South America; now farmed world-wide
High altitude ranches
11.5 months, average one offspring every year
There are no wild alpaca - their only predators are humans, who farm them for meat and wool
Vocuna are the wild ancestors of alpaca; they are classified as endangered
There are at least 22 ‘colours’ of alpaca, mostly brown, cream, grey, black and white. White is the predominant colour – due to selective breeding, it’s also easier to dye and sell.
Alpaca make several sounds, including humming.
Gentle, elegant, inquisitive and observant. Social herd animals, alpaca are nervous of potential predators. An alpaca does not like to be approached from behind, have its head touched or feel crowded. Threatening humans or other animals may be spat at or kicked. Humans are not always the target of spitting, but may be hit accidentally!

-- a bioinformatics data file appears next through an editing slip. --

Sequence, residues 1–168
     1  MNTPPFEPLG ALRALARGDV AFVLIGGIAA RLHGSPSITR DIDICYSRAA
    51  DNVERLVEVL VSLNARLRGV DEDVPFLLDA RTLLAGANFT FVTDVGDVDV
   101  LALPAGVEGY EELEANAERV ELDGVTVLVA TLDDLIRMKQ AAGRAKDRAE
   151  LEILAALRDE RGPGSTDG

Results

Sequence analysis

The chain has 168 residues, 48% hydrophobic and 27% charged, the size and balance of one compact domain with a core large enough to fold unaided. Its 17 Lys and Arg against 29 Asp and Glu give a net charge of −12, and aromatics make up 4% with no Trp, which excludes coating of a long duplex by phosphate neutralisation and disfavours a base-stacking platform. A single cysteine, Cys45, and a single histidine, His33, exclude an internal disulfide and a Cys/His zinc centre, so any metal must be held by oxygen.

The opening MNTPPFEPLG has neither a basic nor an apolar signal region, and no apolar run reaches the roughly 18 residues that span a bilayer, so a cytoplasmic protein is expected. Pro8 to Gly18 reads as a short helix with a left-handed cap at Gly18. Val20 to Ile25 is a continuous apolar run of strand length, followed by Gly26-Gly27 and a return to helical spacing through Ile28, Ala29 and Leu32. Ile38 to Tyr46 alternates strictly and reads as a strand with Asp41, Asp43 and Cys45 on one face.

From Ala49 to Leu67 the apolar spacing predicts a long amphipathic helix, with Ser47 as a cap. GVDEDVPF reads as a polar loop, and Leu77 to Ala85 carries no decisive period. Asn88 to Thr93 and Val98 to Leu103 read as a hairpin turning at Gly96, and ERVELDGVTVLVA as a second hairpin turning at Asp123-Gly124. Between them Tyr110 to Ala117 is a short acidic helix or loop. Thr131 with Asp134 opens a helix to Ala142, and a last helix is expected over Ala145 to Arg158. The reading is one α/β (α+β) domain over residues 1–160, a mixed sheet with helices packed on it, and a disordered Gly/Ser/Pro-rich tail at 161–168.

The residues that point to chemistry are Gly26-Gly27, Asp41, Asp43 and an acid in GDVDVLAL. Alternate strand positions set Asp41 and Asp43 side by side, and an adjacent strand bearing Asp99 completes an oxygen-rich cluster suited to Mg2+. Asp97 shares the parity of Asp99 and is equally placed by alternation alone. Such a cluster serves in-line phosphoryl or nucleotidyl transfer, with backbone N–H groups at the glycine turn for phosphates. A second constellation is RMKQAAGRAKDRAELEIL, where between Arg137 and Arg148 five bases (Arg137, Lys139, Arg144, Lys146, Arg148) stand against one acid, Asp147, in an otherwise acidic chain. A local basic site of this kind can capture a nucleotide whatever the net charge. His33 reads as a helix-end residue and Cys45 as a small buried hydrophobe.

All domestic animal species originated from wild ancestors. Although many generations may have passed, and many modifications developed by selective breeding, all domestic animals are a risk to native animals if allowed to establish colonies in the wild. These feral animals may compete with native animals for resources such as food, shelter, water and space. Feral predators will prey on native animals. In New Zealand there are a host of feral animals including rabbits, pigs, stoats, goats, cockatoos and cats.
At Hamilton Zoo:
We have six alpaca. Wilma, Luna and the baby (pictured but not yet named) are Huacaya Alpaca, Bailey and Stephen are Suri Alpaca and we're not exactly sure which kind Tyson, our oldest alpaca, is.